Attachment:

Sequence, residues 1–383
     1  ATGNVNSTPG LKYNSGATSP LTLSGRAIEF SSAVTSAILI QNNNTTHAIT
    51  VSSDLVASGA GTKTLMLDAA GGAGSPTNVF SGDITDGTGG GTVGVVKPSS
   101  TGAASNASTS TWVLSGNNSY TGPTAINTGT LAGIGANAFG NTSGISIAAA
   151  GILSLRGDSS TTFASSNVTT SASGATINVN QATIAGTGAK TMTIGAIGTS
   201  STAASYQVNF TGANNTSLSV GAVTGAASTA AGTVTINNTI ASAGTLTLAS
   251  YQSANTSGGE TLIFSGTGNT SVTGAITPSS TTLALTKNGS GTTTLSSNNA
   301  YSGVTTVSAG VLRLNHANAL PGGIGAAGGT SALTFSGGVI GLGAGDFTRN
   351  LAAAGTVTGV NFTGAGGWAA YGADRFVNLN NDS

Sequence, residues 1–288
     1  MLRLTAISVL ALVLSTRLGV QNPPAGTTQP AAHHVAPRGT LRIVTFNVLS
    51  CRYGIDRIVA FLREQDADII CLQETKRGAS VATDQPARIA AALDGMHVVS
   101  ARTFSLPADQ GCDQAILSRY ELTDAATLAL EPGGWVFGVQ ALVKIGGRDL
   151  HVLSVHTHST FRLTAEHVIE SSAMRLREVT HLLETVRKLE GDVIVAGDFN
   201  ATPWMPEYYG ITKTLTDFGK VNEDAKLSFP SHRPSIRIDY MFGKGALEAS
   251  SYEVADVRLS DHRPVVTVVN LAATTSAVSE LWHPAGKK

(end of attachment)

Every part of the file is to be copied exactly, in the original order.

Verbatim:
Sequence, residues 1–383
     1  ATGNVNSTPG LKYNSGATSP LTLSGRAIEF SSAVTSAILI QNNNTTHAIT
    51  VSSDLVASGA GTKTLMLDAA GGAGSPTNVF SGDITDGTGG GTVGVVKPSS
   101  TGAASNASTS TWVLSGNNSY TGPTAINTGT LAGIGANAFG NTSGISIAAA
   151  GILSLRGDSS TTFASSNVTT SASGATINVN QATIAGTGAK TMTIGAIGTS
   201  STAASYQVNF TGANNTSLSV GAVTGAASTA AGTVTINNTI ASAGTLTLAS
   251  YQSANTSGGE TLIFSGTGNT SVTGAITPSS TTLALTKNGS GTTTLSSNNA
   301  YSGVTTVSAG VLRLNHANAL PGGIGAAGGT SALTFSGGVI GLGAGDFTRN
   351  LAAAGTVTGV NFTGAGGWAA YGADRFVNLN NDS

Sequence, residues 1–288
     1  MLRLTAISVL ALVLSTRLGV QNPPAGTTQP AAHHVAPRGT LRIVTFNVLS
    51  CRYGIDRIVA FLREQDADII CLQETKRGAS VATDQPARIA AALDGMHVVS
   101  ARTFSLPADQ GCDQAILSRY ELTDAATLAL EPGGWVFGVQ ALVKIGGRDL
   151  HVLSVHTHST FRLTAEHVIE SSAMRLREVT HLLETVRKLE GDVIVAGDFN
   201  ATPWMPEYYG ITKTLTDFGK VNEDAKLSFP SHRPSIRIDY MFGKGALEAS
   251  SYEVADVRLS DHRPVVTVVN LAATTSAVSE LWHPAGKK